PIC’s data center is located at the UAB’s IT services building and contains more than 40 racks in 200m2. An important upgrade of the network was started in 2020 that will increase the external connectivity throughput by an order of magnitude, from 20 to 200 Gbps. The new infrastructure is expected to be operational by Spring 2021.
The core data processing services at PIC include over 40 PB of tiered disk/tape storage, 8500 cpu cores and 20 GPUs.
PIC participates in the H2020 project European Science Cluster of Astronomy and Particle Physics ESFRI research infrastructures (ESCAPE). The main contributions are focused in the development of a Data Infrastructure for Open Science and a Science Analysis Platform that are common for several large European research infrastructures.
PIC is part of the ESCAPE Data Lake prototype and contributes to the testing of parts of the architecture such as data orchestration or data caching services in the context of gamma ray telescopes and particle physics experiments.
PIC is also extending the functionality of CosmoHub to include analysis capabilities for Gamma Ray astronomy.
PIC participates in the H2020 ARCHIVER project, which started in January 2019 and has a program of work that extends until summer 2022.
The ARCHIVER project is a Pre-Commercial Procurement that tries to develop a powerful set of applications for archival and data preservation. It consists of a group of experts (known as the Buyers Group) and a group of contractors that work together to define the requirements and the needs to develop the final result.
The project will competitively procure R&D services from firms in three stages covering design, prototyping and pilot. In 2020 PIC led the first of these three phases, the design phase, managing all the meetings and being one of the active members in the weekly meetings and daily work that had to be done in order to reach the end of phase successfully.
The Worldwide LHC Computing Grid (WLCG) is a distributed computing infrastructure comprising resources from more than 170 centres in 42 countries. WLCG is used to analyse the unprecedented rate of hundreds of Petabytes (PB) of data generated each year by the LHC.
The Tier-1 center at PIC provides services to three of the LHC experiments, accounting for ~5% of the total Tier-1 capacity for ATLAS, CMS, and LHCb. Besides providing 24x7 data processing services enabling the LHC science, the project is engaged in an R&D project that aims to federate the Tier-1 and the Tier-2 resources from IFAE and CIEMAT, aligning with the WLCG strategies towards HL-LHC. At the end of 2020, the PIC resources delivered to the Tier-1 were 54M cpu hours, 7.7 PB of disk storage space, and 22.6 PB of tape storage space.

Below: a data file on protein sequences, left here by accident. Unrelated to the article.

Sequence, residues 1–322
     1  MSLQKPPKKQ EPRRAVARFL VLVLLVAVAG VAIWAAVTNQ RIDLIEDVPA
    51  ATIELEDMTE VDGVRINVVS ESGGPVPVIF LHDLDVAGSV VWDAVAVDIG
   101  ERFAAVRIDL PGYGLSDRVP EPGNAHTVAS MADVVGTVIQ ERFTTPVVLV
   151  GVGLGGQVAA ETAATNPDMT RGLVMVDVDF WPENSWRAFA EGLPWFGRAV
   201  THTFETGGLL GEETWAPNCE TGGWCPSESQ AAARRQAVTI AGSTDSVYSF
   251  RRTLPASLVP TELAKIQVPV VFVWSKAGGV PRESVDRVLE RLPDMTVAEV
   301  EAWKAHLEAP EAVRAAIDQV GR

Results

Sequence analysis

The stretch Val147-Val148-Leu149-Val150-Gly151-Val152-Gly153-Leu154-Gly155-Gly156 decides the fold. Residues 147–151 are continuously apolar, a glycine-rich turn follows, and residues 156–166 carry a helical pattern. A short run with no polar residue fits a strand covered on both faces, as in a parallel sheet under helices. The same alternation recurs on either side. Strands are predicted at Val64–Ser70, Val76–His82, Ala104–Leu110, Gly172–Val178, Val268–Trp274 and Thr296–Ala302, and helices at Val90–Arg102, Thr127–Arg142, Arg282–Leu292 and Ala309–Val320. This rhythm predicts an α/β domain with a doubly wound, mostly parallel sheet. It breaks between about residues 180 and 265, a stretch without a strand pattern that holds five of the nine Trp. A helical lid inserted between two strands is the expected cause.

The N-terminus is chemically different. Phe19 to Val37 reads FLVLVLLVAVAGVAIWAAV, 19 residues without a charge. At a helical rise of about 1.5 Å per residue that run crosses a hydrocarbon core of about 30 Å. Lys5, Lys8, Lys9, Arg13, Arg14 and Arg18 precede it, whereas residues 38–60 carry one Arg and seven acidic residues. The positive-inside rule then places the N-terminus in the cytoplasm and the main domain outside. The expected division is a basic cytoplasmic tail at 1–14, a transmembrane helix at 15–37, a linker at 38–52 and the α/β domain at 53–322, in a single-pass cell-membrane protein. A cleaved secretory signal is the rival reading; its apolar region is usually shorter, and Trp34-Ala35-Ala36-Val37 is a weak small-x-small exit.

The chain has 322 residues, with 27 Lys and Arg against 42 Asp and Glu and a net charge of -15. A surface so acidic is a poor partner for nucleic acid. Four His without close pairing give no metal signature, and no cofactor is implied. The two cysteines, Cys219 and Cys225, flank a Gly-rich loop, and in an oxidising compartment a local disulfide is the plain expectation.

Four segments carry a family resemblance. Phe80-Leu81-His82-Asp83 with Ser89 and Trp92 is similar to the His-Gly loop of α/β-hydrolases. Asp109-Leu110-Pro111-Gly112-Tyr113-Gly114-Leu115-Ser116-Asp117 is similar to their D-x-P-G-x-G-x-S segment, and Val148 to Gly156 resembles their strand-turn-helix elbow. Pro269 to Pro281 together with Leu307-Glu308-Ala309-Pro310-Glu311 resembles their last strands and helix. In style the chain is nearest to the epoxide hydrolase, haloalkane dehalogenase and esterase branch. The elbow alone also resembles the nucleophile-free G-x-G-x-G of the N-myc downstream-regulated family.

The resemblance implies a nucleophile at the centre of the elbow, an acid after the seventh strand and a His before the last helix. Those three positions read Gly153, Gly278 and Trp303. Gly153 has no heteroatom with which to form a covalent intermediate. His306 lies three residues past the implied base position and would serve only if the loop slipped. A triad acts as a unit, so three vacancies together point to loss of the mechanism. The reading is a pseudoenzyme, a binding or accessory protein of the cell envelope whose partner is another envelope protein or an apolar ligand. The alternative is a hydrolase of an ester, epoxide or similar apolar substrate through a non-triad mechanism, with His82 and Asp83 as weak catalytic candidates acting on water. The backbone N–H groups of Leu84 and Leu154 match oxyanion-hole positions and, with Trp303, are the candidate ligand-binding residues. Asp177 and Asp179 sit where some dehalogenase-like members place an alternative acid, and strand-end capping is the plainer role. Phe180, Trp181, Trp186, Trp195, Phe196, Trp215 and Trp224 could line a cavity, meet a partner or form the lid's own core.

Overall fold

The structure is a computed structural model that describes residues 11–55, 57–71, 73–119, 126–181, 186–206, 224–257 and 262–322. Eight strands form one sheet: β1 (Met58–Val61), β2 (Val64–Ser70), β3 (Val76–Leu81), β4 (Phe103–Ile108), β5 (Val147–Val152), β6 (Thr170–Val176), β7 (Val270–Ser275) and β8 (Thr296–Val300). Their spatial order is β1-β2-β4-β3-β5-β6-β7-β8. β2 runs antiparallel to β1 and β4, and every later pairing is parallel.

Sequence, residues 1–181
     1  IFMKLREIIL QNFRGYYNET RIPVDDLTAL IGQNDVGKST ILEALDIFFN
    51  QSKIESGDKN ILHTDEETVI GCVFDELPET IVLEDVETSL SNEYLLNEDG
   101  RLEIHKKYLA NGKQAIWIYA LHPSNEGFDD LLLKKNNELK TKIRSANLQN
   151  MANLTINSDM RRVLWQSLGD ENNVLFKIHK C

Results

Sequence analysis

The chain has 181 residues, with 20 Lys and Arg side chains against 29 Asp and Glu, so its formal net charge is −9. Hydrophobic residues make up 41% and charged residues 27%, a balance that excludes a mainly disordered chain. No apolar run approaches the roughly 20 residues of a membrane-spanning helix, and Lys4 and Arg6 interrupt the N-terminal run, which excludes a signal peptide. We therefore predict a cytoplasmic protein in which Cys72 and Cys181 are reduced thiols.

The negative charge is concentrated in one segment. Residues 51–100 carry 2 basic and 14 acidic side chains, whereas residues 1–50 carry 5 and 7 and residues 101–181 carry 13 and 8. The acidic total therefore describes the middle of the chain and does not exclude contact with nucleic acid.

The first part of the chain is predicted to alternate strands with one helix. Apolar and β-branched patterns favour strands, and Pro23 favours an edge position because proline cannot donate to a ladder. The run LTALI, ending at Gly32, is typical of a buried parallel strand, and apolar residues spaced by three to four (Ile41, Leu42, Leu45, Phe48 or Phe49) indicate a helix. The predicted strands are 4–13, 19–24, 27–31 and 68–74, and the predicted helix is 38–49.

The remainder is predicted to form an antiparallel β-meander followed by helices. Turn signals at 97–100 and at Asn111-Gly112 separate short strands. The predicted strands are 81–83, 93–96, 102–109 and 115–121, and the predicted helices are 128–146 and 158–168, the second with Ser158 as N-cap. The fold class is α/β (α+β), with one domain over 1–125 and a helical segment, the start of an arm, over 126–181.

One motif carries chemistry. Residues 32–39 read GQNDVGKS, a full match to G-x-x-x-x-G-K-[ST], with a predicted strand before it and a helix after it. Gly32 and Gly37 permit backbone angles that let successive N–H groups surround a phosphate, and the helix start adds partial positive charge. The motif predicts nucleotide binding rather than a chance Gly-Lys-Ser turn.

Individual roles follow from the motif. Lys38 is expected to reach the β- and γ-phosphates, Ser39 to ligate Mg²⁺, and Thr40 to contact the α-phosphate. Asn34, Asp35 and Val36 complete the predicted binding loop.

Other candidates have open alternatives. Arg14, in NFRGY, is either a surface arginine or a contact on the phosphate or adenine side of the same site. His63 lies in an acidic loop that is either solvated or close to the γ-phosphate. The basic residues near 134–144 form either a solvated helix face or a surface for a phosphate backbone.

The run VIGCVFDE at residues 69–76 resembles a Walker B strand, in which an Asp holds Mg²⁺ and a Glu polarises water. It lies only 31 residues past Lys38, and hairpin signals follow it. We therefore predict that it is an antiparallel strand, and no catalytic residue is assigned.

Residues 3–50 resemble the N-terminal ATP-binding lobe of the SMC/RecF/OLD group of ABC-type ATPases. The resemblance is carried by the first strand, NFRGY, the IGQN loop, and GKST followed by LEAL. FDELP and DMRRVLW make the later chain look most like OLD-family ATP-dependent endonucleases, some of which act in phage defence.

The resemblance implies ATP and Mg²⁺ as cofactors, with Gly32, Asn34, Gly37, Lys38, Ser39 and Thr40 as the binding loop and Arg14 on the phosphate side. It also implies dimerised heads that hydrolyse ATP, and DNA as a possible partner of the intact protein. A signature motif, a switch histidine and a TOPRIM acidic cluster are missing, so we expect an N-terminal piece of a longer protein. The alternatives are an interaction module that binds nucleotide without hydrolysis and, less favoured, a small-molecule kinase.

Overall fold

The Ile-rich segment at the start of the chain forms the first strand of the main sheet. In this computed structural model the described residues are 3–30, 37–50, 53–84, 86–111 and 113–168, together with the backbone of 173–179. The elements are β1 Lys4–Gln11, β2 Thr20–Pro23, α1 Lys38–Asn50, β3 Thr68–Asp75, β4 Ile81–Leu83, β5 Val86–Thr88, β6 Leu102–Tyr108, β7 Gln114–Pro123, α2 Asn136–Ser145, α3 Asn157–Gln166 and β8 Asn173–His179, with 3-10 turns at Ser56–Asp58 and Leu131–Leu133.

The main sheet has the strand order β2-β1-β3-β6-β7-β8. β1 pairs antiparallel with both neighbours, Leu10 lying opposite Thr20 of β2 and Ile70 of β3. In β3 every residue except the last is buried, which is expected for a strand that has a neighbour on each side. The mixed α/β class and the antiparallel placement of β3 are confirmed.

Extensive R&D work has been carried out, in preparation for the 10 fold increase in data rates expected for the upcoming HL-LHC (2026). Tests aimed to federate disk and computing resources at national level continued, with dynamic redirection of work execution and data reading between PIC and CIEMAT. Novel data cache techniques that enable efficient remote data streaming directly into the processing application were introduced, temporarily caching relatively small amounts of input data close to the PIC processing resources, and reducing data access latency by using read-ahead techniques.
In 2020, an agreement was signed with BSC, and LHC computing turned into one of the selected strategic projects at the HPC facility. Extensive simulations required for analysis in the future could be allocated in a dedicated share of the BSC compute resources. Researchers from PIC continued with the integration and exploitation of these resources. ATLAS, which fully integrated these resources in their computing infrastructure, ran 10.3 million hours of simulation at MareNostrum4. CMS researchers continued R&D activities to integrate these resources onto CMS infrastructure, and consumed 0.5 million hours in 2020.
ATLAS Tier-2 and the Tier-3 Interactive Analysis Facility
As a complement to the Tier-1 installation, PIC also provides resources to the ATLAS Spanish Tier-2 infrastructure, specialized in data analysis and simulation production. PIC’s contribution to the Spanish Tier-2 of ATLAS in 2020 has been 8.3 million cpu hours and 830 TB of disk storage, delivered with measured reliability above 99%.
IFAE ATLAS physicists have access to a dedicated Tier-3 analysis facility hosted at PIC and direct access to Tier1 and Tier2 data. PIC is not only the largest LHC computing center in Spain, but it is also the only one to offer the full range of LHC data services: from the detector’s RAW data file to the final user analysis for publication.